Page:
Sports Health

By Brian Pickering

Minnesota Wild forward Zach Parise has been ruled out of the first two games of the National Hockey League playoffs with an aggravation of a back injury that has been reported as a herniated disc. Parise has not played to the expectations of Wild fans as he has dealt with this injury since initially being diagnosed in January. It was reported that Parise was given a cortisone injection in his back the day before scoring a hat trick against the Calgary Flames in late March as the Wild made a frantic run to the playoffs. Minnesota sports fans should be familiar with this injury as Minnesota Vikings’ center John Sullivan ended up having two surgeries this past year to deal with his disc herniation.

A herniated disc can also be called a slipped disc or a ruptured disc. A disc of the spine has a tough outer ring with a softer jelly-like inside. When there is a crack or weakness in the exterior ring, the jelly-like substance can push through. A disc herniation can irritate or press on nerves causing pain, numbness or weakness. These symptoms can affect the area of herniation (in the neck or back) or may radiate down the arms and legs. The most common signs are arm or leg pain, or numbness or tingling into the extremities.

Many people have a herniated disc and don’t know it. People with no symptoms may have images of the spine taken for another problem and a disc herniation may be found. For these people, no treatment is necessary. For others, disc herniation is an extremely painful condition. Most doctors will start with conservative, nonsurgical treatments. These may include pain medications, activity modification and physical therapy. Cortisone injections may also be used such as the one that Parise had done. For those with spine-specific pain, these more conservative treatments generally work best. Discectomy surgery is most successful on patients with radiating symptoms. It is less successful when used to treat spine-specific pain.

Late Wednesday, it was first reported that Parise may have to undergo a microdiscectomy that would end his season. This would be done to relieve the pressure on the spinal nerve column. Most patients undergoing this surgery are able to go home the same day or the day after surgery. Patients are restricted from bending at the waist, lifting more than five pounds, and twisting for the first two to four weeks. Patients are also encouraged to move around every hour to stretch and walk around. The standard return to work or sports is about six weeks. This is dependent on pain and strength gains from the rehabilitative process. Most patients have excellent outcomes after surgery. Results show that more than 90 percent of patients report good or excellent results after surgery and show rapid improvement in their pain and return to normal function.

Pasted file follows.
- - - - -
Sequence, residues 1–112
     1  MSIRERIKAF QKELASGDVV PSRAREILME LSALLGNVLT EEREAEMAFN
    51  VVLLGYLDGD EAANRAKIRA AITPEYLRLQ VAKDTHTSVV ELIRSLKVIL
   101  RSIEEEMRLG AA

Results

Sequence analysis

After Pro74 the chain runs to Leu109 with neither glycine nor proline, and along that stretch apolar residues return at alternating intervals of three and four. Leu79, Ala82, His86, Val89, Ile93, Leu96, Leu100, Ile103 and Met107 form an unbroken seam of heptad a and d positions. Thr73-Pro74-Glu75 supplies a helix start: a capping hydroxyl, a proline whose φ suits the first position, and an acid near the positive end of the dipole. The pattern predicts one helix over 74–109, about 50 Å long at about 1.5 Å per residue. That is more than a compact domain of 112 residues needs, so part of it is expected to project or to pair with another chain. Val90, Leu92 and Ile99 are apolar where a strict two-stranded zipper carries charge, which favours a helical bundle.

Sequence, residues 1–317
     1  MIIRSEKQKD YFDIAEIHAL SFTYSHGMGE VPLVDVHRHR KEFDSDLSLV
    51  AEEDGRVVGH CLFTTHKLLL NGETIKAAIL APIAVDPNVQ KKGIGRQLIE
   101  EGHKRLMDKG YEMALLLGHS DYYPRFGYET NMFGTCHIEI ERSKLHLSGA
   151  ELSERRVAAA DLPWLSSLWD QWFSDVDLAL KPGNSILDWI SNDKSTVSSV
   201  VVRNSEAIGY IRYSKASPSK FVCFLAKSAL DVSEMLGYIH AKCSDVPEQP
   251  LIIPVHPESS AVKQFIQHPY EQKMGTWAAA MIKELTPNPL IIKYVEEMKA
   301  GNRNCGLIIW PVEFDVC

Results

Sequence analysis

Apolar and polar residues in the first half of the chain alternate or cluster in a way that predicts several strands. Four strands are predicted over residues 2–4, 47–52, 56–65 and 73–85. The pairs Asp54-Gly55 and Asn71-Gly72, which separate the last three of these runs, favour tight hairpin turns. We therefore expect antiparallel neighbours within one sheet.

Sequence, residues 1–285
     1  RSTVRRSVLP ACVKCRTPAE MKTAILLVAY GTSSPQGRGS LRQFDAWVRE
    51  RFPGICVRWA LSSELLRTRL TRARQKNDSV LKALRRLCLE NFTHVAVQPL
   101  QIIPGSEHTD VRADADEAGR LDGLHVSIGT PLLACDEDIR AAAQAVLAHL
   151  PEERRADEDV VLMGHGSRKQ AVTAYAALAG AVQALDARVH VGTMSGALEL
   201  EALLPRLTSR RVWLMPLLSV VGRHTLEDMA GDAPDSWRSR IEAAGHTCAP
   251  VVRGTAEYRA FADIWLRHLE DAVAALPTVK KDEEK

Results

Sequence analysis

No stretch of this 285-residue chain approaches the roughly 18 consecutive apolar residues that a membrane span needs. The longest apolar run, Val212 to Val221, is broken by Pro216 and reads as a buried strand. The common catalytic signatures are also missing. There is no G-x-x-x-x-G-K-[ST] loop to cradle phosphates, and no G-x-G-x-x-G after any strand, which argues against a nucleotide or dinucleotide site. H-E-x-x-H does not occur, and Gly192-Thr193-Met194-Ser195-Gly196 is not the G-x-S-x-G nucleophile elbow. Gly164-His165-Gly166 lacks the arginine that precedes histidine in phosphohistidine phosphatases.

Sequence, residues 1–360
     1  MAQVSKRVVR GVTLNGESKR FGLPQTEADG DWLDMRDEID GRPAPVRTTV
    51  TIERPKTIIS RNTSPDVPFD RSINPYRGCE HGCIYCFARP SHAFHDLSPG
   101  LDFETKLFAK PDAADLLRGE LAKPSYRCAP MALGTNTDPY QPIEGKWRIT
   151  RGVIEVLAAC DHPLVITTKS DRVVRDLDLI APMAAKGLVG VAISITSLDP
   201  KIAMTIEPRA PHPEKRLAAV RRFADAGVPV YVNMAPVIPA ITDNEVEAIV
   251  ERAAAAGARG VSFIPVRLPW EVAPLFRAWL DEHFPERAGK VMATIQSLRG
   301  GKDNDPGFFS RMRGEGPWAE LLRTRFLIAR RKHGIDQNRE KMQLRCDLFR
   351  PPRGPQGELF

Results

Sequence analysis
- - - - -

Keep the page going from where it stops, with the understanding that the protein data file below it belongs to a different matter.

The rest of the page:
With the way the Wild struggled in its final five games, most fans probably anticipated a quick exit from the playoffs. The absence of Parise, along with injuries to Thomas Vanek and Erik Haula, make it more difficult for the Wild to upset a team in the first round for the third consecutive year. The tales of players playing with significant injuries during the Stanley Cup Playoffs are legendary, but Parise and the Wild are being smart by not forcing anything with this injury. Should this not be treated correctly, Parise could have long-term issues that would impact the rest of his career and the nine years remaining on his contract in Minnesota.

Do you have a question regarding sports medicine that you would like to see addressed in this space in the future? Send your questions to SportsMed@lrhc.org and it may be featured in an upcoming article.

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